PROVIDENCE, R.I. (WPRI) – Law enforcement officials in Rhode Island’s capital city say they plan to begin cracking down on hookah bars and other establishments that have managed to dodge the statewide indoor smoking ban that took effect in 2005.
In a letter sent Nov. 1 to all of the city’s liquor license holders, Providence Public Safety Commissioner Steven Pare warned that that the city would be ramping up enforcement of the ban beginning in December. A similar letter was sent to bar and restaurant owners in April.
“The city will conduct a focused and strict enforcement initiative of this ban on hookahs beginning 30 days following the date of this notice,” Pare wrote. “Violators will be referred to the Board of Licenses for imposition of sanctions which may include fines or license suspension of revocation.”
In 2004, the Rhode Island General Assembly passed a law that banned indoor smoking in all enclosed public places, including restaurants and bars. But lawmakers carved out an exemption in the bill for establishments like cigar bars that draw more than 50% of their revenue from tobacco or other smoking-related products.
Since that time, hookah bars, which allow patrons to smoke flavored tobacco through a hookah pipe, have become increasingly popular. A 2011 study published in the journal Drug and Alcohol Dependence showed more than 40% of college students had smoked from a hookah. More than 17% said they were regular hookah users.
Pare contends that many of the bars and restaurants in the city that allow hookah smoking are in violation of the indoor smoking ban because they do not draw more than half of their income through tobacco sales.
He said the city has never gone after hookah bars in the past, but the increased presence of hookahs in establishments has prompted complaints from patrons and business owners who do not allow smoking. Pare said owners will be brought in front of the city’s Board of Licenses to be sanctioned.
Pare said it is still unclear how many establishments in the city actually allow hookah.
“It’s clear this is a violation of state law,” Pare told WPRI.com. “You can’t have this device in your clubs as a licensee holder. So we want them to comply.”
Peter Petrarca, a former state representative who regularly appears in front of the liquor board as a lawyer and a club owner, said he believes the city is going to have problems when it comes to stepping up enforcement on bars and clubs that allow hookah smoking.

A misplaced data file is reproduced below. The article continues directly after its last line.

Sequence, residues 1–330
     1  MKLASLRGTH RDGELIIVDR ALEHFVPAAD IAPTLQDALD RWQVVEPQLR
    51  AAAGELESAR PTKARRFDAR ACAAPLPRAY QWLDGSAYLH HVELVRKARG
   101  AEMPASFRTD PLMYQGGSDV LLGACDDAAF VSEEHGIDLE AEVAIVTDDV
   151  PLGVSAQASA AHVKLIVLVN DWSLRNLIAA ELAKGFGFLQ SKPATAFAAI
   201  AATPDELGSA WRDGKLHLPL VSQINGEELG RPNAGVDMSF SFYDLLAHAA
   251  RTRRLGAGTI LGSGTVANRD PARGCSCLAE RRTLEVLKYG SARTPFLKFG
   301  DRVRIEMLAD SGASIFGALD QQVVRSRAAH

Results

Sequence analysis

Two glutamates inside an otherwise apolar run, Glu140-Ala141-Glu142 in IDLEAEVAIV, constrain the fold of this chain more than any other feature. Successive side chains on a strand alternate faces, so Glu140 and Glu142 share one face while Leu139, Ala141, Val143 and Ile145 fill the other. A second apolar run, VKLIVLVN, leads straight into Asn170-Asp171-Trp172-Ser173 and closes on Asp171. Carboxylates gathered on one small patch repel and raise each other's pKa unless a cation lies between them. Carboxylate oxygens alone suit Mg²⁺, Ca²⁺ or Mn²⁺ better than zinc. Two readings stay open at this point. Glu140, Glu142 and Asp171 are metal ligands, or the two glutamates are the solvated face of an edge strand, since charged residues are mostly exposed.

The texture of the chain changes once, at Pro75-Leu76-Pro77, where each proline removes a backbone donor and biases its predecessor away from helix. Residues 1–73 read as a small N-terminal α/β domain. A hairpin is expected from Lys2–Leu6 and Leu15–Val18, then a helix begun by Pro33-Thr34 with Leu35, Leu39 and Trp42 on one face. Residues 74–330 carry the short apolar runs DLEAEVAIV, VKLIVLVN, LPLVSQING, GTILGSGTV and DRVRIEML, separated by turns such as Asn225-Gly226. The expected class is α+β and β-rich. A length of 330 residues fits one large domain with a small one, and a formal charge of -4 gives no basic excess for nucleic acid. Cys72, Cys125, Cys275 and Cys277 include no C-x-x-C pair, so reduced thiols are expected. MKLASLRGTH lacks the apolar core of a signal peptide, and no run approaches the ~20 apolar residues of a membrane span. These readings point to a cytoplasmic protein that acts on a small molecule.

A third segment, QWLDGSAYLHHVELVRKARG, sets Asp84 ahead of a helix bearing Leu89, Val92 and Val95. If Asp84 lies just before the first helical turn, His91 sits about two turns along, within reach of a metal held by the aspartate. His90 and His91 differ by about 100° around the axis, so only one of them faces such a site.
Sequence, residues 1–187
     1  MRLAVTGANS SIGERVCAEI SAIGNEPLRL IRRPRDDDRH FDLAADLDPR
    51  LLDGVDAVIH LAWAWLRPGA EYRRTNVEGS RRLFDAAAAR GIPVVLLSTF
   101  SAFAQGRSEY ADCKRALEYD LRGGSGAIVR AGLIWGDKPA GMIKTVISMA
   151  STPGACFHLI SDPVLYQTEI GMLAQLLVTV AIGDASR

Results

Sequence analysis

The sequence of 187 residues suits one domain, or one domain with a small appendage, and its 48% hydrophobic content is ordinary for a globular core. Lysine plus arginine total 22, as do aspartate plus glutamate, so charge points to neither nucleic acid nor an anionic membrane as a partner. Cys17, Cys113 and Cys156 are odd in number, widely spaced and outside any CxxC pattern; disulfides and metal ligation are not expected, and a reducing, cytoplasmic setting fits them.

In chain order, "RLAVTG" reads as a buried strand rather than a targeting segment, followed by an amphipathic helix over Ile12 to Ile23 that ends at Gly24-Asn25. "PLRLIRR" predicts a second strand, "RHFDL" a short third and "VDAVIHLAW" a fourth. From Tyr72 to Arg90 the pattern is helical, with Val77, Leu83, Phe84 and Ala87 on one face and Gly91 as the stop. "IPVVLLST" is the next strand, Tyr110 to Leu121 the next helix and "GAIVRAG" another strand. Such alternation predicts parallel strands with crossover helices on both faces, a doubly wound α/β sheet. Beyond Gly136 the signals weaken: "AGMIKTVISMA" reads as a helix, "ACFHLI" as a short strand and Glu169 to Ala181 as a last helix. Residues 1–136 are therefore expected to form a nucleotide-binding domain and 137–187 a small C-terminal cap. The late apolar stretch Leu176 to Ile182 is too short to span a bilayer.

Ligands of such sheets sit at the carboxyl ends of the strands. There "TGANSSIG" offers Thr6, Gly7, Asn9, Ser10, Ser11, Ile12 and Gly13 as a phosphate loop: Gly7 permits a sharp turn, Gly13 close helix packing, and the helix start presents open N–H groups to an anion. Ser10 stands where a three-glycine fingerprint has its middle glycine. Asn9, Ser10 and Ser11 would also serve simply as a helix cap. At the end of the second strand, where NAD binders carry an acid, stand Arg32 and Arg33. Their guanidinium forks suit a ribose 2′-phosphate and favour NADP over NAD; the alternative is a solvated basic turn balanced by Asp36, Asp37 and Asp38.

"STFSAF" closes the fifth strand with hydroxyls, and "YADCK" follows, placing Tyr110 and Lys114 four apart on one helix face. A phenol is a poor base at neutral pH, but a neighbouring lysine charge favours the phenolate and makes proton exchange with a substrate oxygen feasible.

Petrarca, who co-owns a designated smoking bar on Federal Hill, said it is up to the Department of Health to determine whether clubs that allow smoking have the proper ventilation system and the Division of Taxation to determine whether a club draws 50% of its revenue from tobacco sales. He said the city has no mechanism for enforcing the ban.
“In my opinion, there is no fine they can levy unless they have a ruling from the Department of Health or the Division of Taxation,” Petrarca told WPRI.com.
Gianfranco Marrocco, a business partner of Petrarca’s who owns several of Federal Hill’s most popular restaurants, said the hookah ban is an example of the city being unfriendly to small businesses. He said he believes the city should tackle clubs that allow 18-year-olds before addressing hookah bars.
“Outlaw hookahs and bottle service, what a world-class Mickey Mouse city,” Marrocco told WPRI.com.
But city officials contend that cracking down on hookah bars is another example of Mayor Angel Taveras’s commitment to tackling tobacco use in Providence.
Earlier this year, a federal appeals court upheld two city ordinances that ban the sale of flavored tobacco and restrict stores from offering two-for-one discounts for tobacco products in Rhode Island’s capital city.
Peter Asen, director of the city’s healthy communities office, told WPRI.com Providence has taken steps to reduce second-hand smoke for city residents, promoting smoke-free public housing and ensuring that all of the schools are tobacco-free.
He said going after establishments that allow hookah is simply an example of the city enforcing a law that is already on the books.
“In terms of the growth over the last few years and recently of these places proliferating more and more, the concern is that the progress we’ve made keeping the air clean in these places could be undermined if people saw this as a loophole,” Asen said.